When I became a A2, I started the hectic application routine as many of my supportive and excellent peers did: revising my personal statement with subject teachers and counsellors  for many times, submitted UCAS profile, accomplished SAQ, prepared for NSAA, interview practice with peers, mock interviews with Ms. Sonia and Mr. Greenwood, and finally, the actual interview. Here I just want to express my huge thanks to people who offered great support during this time: to my peers, who have always been my role model for the entire procedure; to Mr. Greenwood, who has arranged a set of precious mock interviews and carefully revised my personal statement; to my Biology teachers Mr. Sonia and Mr. Jamie, who have always been so willing to answer our questions; to my counsellor Mr. Neff and Ms. Iris and all UCO counsellors, who have always been there to relieve our worries, to guide us through the whole tough periods and to cheer us up when we  were less motivated.

After the results: re-examination and transformed mindset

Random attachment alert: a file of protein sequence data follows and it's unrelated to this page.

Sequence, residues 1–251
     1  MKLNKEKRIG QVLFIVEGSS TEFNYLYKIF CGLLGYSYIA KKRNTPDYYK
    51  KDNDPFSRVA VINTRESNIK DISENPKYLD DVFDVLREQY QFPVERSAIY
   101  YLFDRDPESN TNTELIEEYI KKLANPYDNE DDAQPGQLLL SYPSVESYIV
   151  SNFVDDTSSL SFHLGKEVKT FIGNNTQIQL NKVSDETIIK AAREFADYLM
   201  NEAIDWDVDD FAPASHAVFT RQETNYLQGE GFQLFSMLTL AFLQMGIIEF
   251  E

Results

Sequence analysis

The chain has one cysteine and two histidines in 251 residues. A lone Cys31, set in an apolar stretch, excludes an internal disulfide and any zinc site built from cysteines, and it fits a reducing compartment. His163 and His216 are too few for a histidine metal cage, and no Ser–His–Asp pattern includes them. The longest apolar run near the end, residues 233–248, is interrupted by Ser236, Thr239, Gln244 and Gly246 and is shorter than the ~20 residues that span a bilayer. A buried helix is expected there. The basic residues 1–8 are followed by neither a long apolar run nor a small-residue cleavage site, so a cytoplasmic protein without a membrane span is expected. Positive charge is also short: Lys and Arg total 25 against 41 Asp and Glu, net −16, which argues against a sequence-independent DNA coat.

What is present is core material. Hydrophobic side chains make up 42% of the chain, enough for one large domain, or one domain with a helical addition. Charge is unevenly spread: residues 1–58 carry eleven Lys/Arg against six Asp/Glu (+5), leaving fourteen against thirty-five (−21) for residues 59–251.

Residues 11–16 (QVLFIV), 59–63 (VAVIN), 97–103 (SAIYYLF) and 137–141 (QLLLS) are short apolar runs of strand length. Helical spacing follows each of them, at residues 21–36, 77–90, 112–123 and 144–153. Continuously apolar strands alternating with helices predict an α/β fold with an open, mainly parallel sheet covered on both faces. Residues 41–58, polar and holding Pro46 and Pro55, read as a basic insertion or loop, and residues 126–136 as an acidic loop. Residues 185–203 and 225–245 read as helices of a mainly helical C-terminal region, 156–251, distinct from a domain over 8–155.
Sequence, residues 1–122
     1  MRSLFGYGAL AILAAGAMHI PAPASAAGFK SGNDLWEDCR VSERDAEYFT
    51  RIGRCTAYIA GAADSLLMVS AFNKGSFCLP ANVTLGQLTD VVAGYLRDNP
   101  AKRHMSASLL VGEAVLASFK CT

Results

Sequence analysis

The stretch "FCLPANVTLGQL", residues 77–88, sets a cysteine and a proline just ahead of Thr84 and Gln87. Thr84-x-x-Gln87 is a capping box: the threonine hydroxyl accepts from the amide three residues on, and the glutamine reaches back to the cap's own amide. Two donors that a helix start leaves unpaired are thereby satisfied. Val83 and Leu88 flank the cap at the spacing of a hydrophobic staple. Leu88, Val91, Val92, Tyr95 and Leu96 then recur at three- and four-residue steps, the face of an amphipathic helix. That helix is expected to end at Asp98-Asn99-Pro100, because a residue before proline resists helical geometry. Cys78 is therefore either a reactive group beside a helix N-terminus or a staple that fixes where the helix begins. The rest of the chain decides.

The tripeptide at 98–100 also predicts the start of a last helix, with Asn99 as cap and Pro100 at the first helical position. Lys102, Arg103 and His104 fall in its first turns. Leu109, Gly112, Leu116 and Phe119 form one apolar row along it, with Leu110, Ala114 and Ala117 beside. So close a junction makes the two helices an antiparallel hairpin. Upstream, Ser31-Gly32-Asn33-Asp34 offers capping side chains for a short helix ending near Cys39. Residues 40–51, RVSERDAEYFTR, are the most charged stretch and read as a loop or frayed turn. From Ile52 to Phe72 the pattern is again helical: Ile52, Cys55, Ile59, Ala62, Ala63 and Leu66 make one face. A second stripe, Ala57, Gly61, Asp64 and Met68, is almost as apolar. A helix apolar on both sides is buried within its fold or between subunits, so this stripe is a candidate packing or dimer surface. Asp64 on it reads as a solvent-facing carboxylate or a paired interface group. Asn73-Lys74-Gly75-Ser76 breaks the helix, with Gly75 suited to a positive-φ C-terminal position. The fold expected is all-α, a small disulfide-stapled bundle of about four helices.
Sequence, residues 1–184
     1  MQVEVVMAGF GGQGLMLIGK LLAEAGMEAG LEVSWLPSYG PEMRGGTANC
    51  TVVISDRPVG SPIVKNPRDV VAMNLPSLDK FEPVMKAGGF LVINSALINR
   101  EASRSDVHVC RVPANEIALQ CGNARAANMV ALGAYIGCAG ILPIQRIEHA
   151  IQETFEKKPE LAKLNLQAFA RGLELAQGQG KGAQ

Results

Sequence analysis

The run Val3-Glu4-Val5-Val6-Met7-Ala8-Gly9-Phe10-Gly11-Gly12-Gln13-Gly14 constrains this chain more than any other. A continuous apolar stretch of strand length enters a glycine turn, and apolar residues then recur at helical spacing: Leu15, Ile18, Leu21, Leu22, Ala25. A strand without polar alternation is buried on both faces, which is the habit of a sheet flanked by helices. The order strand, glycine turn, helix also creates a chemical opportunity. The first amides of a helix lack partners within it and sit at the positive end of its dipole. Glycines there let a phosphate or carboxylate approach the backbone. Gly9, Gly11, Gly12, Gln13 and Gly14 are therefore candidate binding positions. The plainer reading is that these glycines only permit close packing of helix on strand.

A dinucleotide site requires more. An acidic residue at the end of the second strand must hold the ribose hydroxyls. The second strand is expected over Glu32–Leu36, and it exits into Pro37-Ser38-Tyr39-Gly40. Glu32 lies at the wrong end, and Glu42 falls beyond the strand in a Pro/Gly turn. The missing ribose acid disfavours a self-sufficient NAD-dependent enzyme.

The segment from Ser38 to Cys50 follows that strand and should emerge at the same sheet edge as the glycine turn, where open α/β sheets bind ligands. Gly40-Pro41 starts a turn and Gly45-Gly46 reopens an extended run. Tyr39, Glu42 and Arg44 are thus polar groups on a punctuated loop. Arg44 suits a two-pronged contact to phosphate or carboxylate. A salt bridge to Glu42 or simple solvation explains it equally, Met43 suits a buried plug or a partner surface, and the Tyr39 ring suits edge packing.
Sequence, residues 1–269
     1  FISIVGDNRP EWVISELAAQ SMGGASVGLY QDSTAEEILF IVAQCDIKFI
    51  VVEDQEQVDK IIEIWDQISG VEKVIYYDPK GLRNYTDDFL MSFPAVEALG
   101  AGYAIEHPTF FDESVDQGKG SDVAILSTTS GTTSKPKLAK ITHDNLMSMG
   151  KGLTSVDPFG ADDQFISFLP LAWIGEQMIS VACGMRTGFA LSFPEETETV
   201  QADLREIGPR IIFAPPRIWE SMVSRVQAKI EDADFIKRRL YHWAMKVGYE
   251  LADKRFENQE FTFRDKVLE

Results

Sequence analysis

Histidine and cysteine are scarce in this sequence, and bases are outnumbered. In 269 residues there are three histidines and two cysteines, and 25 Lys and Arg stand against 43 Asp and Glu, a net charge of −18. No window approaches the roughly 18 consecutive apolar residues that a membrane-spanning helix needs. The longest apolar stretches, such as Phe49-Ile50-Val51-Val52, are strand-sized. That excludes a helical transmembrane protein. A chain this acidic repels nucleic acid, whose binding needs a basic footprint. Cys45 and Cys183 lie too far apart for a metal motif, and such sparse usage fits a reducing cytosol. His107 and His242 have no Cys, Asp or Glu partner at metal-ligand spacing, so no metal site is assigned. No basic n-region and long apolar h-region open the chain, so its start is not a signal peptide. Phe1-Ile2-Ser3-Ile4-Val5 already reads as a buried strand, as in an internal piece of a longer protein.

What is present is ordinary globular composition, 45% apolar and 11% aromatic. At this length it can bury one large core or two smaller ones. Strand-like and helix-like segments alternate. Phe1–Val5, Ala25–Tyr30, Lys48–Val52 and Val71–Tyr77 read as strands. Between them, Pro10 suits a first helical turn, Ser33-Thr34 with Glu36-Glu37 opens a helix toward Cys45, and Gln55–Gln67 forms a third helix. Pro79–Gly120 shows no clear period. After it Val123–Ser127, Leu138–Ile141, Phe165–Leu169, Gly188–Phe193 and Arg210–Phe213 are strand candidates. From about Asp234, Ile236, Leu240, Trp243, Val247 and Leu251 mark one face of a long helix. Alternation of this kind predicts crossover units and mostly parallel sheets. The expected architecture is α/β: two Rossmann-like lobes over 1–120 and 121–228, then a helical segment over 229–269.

My application season ended in February, with three rejections and two offers. It was not a happy ending in every sense of the word. Initially, I thought it was unfair and unacceptable: I have  devoted so much effort on it, but why the outcome was still worse than expected (given that I did not have overestimated expectations)? Afterwards, my resentment turned into self-denial: there must be something wrong with my self- assessment – I was not as hardworking as I thought, or none of my hard work was truly effective. Lucky enough, the saying “causes formed in the past will be manifested as effects in the present” saved me. This Buddhist motto, although sounds similar to “no pain, no gain”, has distinct interpretations when you dissect it: 1) Apart from “pains” or hard work at the moment, causes also include multiple factors such as timing and all the preparation accumulated beforehand. So do not blame the result on insufficient diligence solely. 2) Effects always match with their causes – if you lack required causes, even though you have strived for your goal, you might still fail to fulfil your ambition. So pain does not always contribute to gain. 3) As long as you have been proceeding along the path, the destination is reachable and promising, just the matter of time. Then, I stopped ruminating and assessed myself rationally: on one hand, spending two years in Chinese high school brought me some inevitable deficiency compared to my SCIE peers. For example, I  was not exposed to much knowledge outside of the textbook or classroom, I had no competition experience which is a precious access to delve into my academic interests, I did not engage in activities outside of my academic pursuits such as volunteer teaching to demonstrate that I am an all-round applicant, and I was not able to express myself as confidently and fluently as some of my peers did… On the other hand, however, it was impossible for me to receive the offers without my endeavour all the way through! So I let go the past, and came to a realisation that I am still on the way. There is a sharper resolution rooted in the deepest part of my heart. I will be climbing up the ladder step by step, towards my goal, my vocation, in a more poised manner.